Investing outside tax-advantaged accounts

On May 6, 2019, from T. S….. S….. DDS, Ontario, Canada


Is your portfolio setup also effective in a non-registered account? That is, one in which the tax advantage has been removed?

Cheers and Thanks

Monday Morning Millionaire Program Answer:

Investing within the framework of the habits of the highly effective investors is the best way to go in any account.

Having said that, please note that all investors should top up all tax-advantaged accounts before investing outside these. Over the course of an investment lifetime, investing in a tax-advantaged account can make a positive difference of hundreds of thousands of dollars compared to investing any other way.

Tax-advantaged accounts generally do not allow selling cash-secured, uncovered puts — a minor shortcoming. Only when all tax-advantaged accounts are fully topped up should investors consider placing money in other types of accounts.

Our personal portfolios, 5/06/19

Since January 2012, we have outperformed the market slightly in our core portfolios. It is almost a certainty that we will not be able to continue to do so. However, since we have the habits of highly effective investors, it is an absolute certainty we will be able to equal the market minus a small transaction fee. Seasoned members on the Monday Morning Millionaire Program do so.

Every Tuesday, I publish with comments, Rosi’s and my core portfolios and my fun portfolio holdings and the activity which took place on Monday. Rosi has her fun skiing, cycling in the skiing off-season, making muffins, walking our dog, reading, making our travel arrangements and spending time with our grandchildren. She does not have a fun portfolio.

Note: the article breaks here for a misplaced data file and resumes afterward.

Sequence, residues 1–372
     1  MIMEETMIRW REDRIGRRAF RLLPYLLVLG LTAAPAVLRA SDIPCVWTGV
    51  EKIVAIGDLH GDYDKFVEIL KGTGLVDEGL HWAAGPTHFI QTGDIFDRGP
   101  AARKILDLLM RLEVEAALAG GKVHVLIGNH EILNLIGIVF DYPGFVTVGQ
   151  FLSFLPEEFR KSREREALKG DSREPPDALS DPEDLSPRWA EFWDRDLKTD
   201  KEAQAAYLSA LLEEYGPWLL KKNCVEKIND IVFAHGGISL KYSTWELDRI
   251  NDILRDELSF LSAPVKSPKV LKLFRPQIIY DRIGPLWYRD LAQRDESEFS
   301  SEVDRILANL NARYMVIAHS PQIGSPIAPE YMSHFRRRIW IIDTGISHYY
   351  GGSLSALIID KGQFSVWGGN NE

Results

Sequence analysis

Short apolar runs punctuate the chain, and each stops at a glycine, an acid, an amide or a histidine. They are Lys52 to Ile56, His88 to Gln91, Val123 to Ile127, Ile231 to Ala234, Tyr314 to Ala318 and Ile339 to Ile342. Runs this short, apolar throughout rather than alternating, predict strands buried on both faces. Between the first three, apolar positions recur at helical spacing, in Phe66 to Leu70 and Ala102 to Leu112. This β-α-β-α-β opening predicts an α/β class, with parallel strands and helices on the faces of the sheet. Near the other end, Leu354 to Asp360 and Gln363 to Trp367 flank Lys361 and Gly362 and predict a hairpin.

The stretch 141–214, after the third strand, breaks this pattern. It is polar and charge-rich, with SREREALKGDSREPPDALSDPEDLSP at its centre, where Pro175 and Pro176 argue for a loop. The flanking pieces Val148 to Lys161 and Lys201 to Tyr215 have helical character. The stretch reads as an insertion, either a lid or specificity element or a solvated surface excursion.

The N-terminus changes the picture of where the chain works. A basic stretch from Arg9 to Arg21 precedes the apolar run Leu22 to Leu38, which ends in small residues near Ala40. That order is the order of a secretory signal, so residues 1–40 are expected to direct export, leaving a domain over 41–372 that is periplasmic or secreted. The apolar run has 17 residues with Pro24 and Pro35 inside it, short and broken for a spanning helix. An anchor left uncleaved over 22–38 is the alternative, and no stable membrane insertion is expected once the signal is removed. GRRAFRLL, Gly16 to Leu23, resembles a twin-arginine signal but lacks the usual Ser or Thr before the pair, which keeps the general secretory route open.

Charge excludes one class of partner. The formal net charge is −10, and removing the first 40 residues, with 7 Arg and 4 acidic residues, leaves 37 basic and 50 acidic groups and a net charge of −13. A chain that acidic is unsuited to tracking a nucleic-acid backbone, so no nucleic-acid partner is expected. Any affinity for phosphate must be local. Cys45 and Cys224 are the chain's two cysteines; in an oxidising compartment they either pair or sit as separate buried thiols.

Fun Portfolio

Please note that the only way to beat the market is to ignore one or more of the six habits of highly effective investors. We ignored two. One, the portfolio is fully invested, that is, it cannot be rebalanced to a sensible asset allocation and two, it has only one stock, that is, it is not diversified by owning the entire US market via an exchange-traded fund which mirrors the S&P 500 index.

Last Friday, my cash-secured uncovered puts on ABBV closed below the strike price and I got assigned. Now, the fun portfolio was fully invested in ABBV. That allowed me to write (sell) covered calls on ABBV. I did so, strike price $79.00, expiry date this coming Friday, May 10, and got $US630.00 per 10 contracts.

My fun portfolio suffered a serious loss when I committed all of it to ABBV, the underlying, which tanked soon after. Since my fun portfolio makes up only 5% of Rosi’s and my market holdings, it cannot have a major impact overall.  It could, however, come up with an unusually good opportunity which we could apply to our core portfolios.

Core portfolios (all are tax-advantaged)

After withdrawing our entire annual budgeted income needs from my personal core portfolio last week, I followed Paul Samuelson’s advice (Samuelson is an economics Nobel laureate) stating that investing should be like watching paint dry or grass grow. We maintain a 50/50 asset allocation with 50% in a US money market fund (TDB166, now paying 2.24% annually, down from 2.25% two weeks ago) and 50% in the RSP ETF.   That 50/50 asset allocation equals the market over the course of a market cycle (peak to trough to peak) with half the volatility, that is, half the risk.




Predicting the future based on history

“Historical data may be imperfect, but it remains the only unbiased way to measure risk and make assumptions about the future.”  (The Economist, Sept. 23, 2009)

Inexact as it is, past behavior is a useful forecast of future behavior. For stock market investors, two items are highly predictable:

  1. Stock prices will fluctuate. (J. P. Morgan)
  2. Through overt and covert fees, Wall Street/Bay Street will continue to prosper at the expense of investors. (Milan Somborac)

Monday Morning Millionaire Program members know that the only way to get their fair share of history’s strongest economy at a fair price is to practice the habits of highly effective investors.

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Highlights from the 2019 Berkshire Hathaway Shareholders Meeting